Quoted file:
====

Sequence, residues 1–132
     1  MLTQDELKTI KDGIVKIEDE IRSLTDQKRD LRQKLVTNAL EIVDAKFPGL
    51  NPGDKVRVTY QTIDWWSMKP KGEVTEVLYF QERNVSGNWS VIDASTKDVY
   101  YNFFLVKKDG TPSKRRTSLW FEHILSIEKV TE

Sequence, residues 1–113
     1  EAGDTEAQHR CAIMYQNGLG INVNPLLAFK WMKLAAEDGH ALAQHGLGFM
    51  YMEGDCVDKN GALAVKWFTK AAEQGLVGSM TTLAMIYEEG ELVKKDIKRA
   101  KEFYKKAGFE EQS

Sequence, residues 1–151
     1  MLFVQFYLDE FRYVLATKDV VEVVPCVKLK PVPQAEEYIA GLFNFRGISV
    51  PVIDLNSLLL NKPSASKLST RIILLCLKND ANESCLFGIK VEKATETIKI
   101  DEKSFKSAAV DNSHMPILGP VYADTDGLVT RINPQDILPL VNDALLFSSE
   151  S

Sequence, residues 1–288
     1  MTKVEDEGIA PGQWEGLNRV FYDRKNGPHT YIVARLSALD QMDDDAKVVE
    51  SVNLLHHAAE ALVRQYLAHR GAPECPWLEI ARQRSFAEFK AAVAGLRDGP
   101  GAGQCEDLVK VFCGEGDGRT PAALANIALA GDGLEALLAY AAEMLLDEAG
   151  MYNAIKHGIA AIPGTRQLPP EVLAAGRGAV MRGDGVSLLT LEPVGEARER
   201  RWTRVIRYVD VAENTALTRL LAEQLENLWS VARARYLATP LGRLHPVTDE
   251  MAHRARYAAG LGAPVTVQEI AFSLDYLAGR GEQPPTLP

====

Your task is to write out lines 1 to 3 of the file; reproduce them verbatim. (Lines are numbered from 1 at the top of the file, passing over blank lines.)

Sequence, residues 1–132
     1  MLTQDELKTI KDGIVKIEDE IRSLTDQKRD LRQKLVTNAL EIVDAKFPGL
    51  NPGDKVRVTY QTIDWWSMKP KGEVTEVLYF QERNVSGNWS VIDASTKDVY